An American study has revealed that high levels of insulin increase the risk of breast cancer in women.
Lead researchers Marc Gunter and Howard Strickler, of the Albert Einstein College of Medicine in New York, revealed that they examined the role of insulin in breast cancer while controlling for oestrogen levels.
This attains significance because, while the proneness to breast cancer has been attributed to high oestrogen levels in many obese postmenopausal women thus far, insulin has never been recognised as an independent risk factor.
During the study, the researchers examined the association between incident breast cancer and baseline fasting insulin, insulin-like growth factor-1 (a related hormone), and oestradiol levels in 835 women enrolled in the Women's Health Initiative Observational Study who developed breast cancer and a randomly-selected sample of 816 women in the study who did not develop breast cancer.
Upon dividing the women into four groups based on their fasting insulin levels, the team found that the subjects with the highest insulin levels had nearly a 1.5-fold higher risk of developing breast cancer than those with the lowest insulin levels.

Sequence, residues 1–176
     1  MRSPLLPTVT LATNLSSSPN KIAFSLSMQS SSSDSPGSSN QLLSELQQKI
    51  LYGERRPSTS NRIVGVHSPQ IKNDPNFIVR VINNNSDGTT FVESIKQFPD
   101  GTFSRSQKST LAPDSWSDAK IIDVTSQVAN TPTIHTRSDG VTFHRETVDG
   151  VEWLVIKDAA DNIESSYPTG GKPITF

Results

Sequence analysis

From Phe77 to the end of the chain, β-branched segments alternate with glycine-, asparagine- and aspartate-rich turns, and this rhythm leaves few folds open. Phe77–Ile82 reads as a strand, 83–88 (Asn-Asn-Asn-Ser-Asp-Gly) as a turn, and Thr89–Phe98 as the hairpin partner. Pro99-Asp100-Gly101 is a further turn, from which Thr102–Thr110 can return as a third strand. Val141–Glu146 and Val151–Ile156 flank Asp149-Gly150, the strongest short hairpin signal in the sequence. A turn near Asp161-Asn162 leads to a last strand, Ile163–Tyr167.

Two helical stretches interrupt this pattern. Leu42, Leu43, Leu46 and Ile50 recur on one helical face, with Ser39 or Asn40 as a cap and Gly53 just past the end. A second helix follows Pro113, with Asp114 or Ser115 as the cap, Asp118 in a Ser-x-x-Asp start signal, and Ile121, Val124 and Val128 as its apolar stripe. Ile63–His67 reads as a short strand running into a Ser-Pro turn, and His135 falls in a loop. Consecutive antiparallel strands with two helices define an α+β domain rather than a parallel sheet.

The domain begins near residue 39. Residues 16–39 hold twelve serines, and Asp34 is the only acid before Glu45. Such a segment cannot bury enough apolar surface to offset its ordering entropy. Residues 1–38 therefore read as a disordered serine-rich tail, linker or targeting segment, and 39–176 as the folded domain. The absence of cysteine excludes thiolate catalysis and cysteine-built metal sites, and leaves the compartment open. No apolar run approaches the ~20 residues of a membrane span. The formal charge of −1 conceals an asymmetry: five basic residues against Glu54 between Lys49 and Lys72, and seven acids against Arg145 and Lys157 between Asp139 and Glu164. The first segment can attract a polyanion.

When the researchers separately analysed women who were not using hormone therapy, they found that individuals with the highest insulin levels had a 2.4-fold increased risk of developing breast cancer compared to those with the lowest levels.
The finding remained unchanged even when the researchers took into account multiple other breast cancer risk factors, including oestrogen levels.
"These data suggest that hyperinsulinemia is an independent risk factor for breast cancer and may have a substantial role in explaining the obesity-breast cancer relationship," the authors conclude.
The study has been reported in the Journal of National Cancer Institute.